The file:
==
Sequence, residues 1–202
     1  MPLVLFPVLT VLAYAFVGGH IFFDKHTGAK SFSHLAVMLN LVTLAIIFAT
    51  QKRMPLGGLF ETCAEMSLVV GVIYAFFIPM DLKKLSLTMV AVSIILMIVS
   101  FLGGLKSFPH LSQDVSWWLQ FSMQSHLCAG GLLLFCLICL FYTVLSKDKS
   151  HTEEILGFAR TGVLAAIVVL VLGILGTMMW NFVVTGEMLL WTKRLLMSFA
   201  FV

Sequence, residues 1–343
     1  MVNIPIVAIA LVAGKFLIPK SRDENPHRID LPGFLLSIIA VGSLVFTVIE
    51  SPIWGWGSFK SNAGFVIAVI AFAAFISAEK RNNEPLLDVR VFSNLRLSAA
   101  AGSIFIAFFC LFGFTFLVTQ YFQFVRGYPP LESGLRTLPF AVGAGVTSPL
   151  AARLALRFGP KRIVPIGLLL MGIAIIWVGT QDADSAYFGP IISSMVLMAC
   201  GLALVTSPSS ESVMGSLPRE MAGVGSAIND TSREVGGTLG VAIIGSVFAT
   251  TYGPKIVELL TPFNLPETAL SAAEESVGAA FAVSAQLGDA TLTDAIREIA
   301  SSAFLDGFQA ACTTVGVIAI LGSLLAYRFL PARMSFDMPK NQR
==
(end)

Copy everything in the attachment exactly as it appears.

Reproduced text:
Sequence, residues 1–202
     1  MPLVLFPVLT VLAYAFVGGH IFFDKHTGAK SFSHLAVMLN LVTLAIIFAT
    51  QKRMPLGGLF ETCAEMSLVV GVIYAFFIPM DLKKLSLTMV AVSIILMIVS
   101  FLGGLKSFPH LSQDVSWWLQ FSMQSHLCAG GLLLFCLICL FYTVLSKDKS
   151  HTEEILGFAR TGVLAAIVVL VLGILGTMMW NFVVTGEMLL WTKRLLMSFA
   201  FV

Sequence, residues 1–343
     1  MVNIPIVAIA LVAGKFLIPK SRDENPHRID LPGFLLSIIA VGSLVFTVIE
    51  SPIWGWGSFK SNAGFVIAVI AFAAFISAEK RNNEPLLDVR VFSNLRLSAA
   101  AGSIFIAFFC LFGFTFLVTQ YFQFVRGYPP LESGLRTLPF AVGAGVTSPL
   151  AARLALRFGP KRIVPIGLLL MGIAIIWVGT QDADSAYFGP IISSMVLMAC
   201  GLALVTSPSS ESVMGSLPRE MAGVGSAIND TSREVGGTLG VAIIGSVFAT
   251  TYGPKIVELL TPFNLPETAL SAAEESVGAA FAVSAQLGDA TLTDAIREIA
   301  SSAFLDGFQA ACTTVGVIAI LGSLLAYRFL PARMSFDMPK NQR